EAST Sussex Cycling Association had the great honour and responsibility of being this year’s host to the RTTC National 24 Hour Championship, which attracted some of the premier cyclists in the country.
The 24-hour event is undoubtedly the most demanding of the time trial disciplines. The major challenge is the mental one, but that is not to underestimate the extreme physical demands that the riders are subjected to over the extended period.
The basic premise of a 24 event is simple. The riders, set off at minute intervals, and have to cover as much distance as they can in their prescribed 24 Hour slot.
The logistical acumen required to prepare for the event cannot be overstated.
Promoter Esther Carpenter, along with a skilled back up team, spent over two years meticulously preparing for the day in painstaking detail. The extensive route required more than a hundred marshals to guide the riders around over the 24-hour period plus a myriad of directional signs, not to mention the selfless band of helpers who acted as back-up support for the riders.
Out of the 96 starters, nine Lewes stalwarts lined up to start the journey into unexplored areas of physical and mental torment. Starting at midday on Saturday the first circuit traced a route from Arlington through Barcombe and Newick.
The conditions were largely favourable and some of the riders pushed on at incredible speeds.
Provisional winner Andy Wilkinson covered his first 100 miles in a jaw dropping time of 3h57m, a time which would have won many a hundred-mile time trial in its own right. The Lewes squad were all going well at this point, with most of them flirting around the five-hour mark.
The next loop was around Pevensey, which incorporated a testing climb through the rutted roads of Wartling. In the ethereal mist of the early evening, the rider faced the terrors of the night around the loop centred at Henfield.
For many riders this was both metaphorically and literally their darkest hours. Riding at night produces states of detachment where time and distance have no meaning. Most of the riders had switched to autopilot, remorselessly grinding out the miles and fighting to ignore the pleading messages from tortured body and souls to relent.
Emerging from the gloom, the riders headed back up to the Boship Roundabout to return to the Pevensey circuit. Psychologically, this is an important moment in the race. When riders reach this point they could, if they so wished, finish riding and would be awarded a distance. However, with around four hours to go, most riders steeled themselves to fight on with the finishing line so close.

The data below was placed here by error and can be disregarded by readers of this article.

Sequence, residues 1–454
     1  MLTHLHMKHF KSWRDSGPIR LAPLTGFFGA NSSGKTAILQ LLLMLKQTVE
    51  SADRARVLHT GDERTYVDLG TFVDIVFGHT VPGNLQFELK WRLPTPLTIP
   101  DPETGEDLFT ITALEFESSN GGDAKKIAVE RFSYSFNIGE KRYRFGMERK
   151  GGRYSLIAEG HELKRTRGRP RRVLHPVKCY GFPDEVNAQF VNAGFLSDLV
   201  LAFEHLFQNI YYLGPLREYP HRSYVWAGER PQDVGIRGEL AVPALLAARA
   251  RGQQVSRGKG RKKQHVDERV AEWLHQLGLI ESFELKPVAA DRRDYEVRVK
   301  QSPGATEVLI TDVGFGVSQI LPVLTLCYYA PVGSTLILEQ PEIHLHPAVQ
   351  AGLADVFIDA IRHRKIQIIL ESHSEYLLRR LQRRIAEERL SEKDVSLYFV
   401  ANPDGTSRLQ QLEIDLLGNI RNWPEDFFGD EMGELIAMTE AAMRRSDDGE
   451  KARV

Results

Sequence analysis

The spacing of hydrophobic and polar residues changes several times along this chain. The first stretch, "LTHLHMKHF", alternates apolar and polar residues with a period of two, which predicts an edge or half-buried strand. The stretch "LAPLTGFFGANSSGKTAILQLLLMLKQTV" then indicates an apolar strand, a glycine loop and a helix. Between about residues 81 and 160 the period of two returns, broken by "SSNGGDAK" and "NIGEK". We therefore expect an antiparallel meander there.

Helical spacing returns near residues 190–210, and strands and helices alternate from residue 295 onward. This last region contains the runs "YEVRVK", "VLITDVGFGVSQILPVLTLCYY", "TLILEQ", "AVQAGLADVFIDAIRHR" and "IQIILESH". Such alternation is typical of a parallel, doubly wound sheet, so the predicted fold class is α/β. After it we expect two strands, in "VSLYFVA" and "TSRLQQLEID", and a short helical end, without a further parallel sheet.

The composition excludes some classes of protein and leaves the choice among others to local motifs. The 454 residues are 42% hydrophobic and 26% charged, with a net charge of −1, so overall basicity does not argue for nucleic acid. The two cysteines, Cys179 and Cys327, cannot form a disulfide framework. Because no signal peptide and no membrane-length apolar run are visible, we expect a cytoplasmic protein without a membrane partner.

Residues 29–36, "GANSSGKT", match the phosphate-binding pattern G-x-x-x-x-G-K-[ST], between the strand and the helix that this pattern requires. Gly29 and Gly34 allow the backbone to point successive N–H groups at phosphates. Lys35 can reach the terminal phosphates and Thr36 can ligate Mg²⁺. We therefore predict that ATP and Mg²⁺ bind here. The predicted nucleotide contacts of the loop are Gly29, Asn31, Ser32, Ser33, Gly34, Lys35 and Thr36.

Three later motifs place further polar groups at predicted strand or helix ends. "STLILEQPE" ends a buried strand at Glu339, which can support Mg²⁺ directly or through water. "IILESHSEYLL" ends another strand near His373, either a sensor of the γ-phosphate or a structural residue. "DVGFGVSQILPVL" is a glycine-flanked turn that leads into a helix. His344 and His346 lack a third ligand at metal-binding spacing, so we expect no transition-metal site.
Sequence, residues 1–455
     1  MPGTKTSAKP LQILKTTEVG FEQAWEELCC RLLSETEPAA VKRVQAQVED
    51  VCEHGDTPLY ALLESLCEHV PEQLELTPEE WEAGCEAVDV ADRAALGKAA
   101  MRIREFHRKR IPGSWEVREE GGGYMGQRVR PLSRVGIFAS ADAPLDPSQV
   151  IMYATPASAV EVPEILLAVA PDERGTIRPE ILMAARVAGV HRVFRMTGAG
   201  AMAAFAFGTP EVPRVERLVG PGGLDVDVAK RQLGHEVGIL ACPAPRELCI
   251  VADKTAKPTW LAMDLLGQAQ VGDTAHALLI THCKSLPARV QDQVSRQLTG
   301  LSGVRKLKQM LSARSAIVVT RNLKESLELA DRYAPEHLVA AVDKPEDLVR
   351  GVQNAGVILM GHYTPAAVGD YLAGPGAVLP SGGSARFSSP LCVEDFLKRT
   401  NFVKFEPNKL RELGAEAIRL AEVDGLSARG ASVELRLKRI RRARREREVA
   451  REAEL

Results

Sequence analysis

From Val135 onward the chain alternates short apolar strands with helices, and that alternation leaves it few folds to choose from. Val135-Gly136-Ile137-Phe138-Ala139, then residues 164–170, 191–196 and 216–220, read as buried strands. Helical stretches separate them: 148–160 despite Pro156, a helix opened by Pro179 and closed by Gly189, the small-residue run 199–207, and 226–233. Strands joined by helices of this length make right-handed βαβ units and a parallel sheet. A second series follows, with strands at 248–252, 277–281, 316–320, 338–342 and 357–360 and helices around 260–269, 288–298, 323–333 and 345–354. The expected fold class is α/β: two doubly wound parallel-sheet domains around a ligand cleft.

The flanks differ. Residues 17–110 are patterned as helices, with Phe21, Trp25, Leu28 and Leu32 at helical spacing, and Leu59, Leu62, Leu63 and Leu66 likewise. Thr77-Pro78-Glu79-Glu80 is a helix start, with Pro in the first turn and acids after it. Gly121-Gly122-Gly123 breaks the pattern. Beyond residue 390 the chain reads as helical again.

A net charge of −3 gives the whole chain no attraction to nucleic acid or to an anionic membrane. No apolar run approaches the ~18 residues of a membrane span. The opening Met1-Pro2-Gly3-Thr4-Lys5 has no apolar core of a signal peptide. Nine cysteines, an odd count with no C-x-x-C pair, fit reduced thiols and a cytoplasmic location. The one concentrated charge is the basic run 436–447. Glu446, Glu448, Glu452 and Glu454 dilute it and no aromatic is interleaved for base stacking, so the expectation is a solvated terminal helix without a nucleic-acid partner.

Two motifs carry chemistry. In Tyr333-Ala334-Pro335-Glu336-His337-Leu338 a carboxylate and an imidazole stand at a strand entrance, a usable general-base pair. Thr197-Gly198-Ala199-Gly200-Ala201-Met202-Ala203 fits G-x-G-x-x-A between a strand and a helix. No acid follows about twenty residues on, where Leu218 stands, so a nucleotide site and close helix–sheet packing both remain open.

The increasingly muggy conditions, coupled with the finishing loop’s contrasting topography, challenged the rider’s resolve to their absolute limits. Your correspondent positioned himself at the crest of the rise at Wartling, where I was privileged to witness some of the bravest and most determined riding I have ever seen.
The tortured lines etched on to every gasping face, regardless of ability, brought home the immense efforts that had been invested over the 24-hour period. Caroline Nye, of Ashford Wheelers, encapsulated the spirit of the race as she stretched twisted sinews to fight every unforgiving inch of to conquer the rise on her Trike.
Over the course of the day riders had climbed an incredible 20,000 metres, more climbing than on the most arduous of the Tour De France days of racing.
Eventually, the cycling odyssey ended and at the HQ the battered and twisted bodies gave testament to the superhuman efforts that every finishing rider had invested.
At the time of going to press final distances had not been officially confirmed, but the provisional winner was Andy Wilkinson of Port Sunlight Wheelers, whose distance has been estimated at a minimum of 541 miles, a record-breaking distance on probably the toughest 24-hour course to host the National Championships.
Those of you that have ridden the London to Brighton ride will know how you felt the next day... now imagine riding the event ten times consecutively, with perhaps a 20-minute break in between! Bronwen Ewing, of Rye and District Wheelers was crowned ladies champion, having recorded a provisional 405.72 distances.
Of the nine Lewes starters, eight of them heroically completed the course. The roll of honour, which will forever be etched deep into the Wanderers collective psyche, reads as follows: Horry Hemsley, aged 77, notched up an incredible 275 miles, Andy Denyer, who rode himself to near exhaustion with a distance of 371 miles, and the metronomic John Miller who broke through the magical 400-mile mark by five miles.Meanwhile, Paul Gibbons covered a magnificent 425 miles.
Results came in just as we were going to press. They were as follows (name and total mileage): Adrian Hills, DNF; John Miller, 405.25; Andy Denyer, 371.22; Horry Hemsley, 275.29; Paul Gibbons, 425.19; Chris Martin, 419.55; Tom Glandfield, 434.07; Simon Yates, 313.20; Peter Baker, 379.99. Yates completed his third 24 event, a club record which will be hard to beat. To complete the event is an accolade in itself, but for these riders to have covered these incredible distances is both thrilling and humbling in equal measures.
BACK PAGE PIC: the nine Lewes riders minus Andy.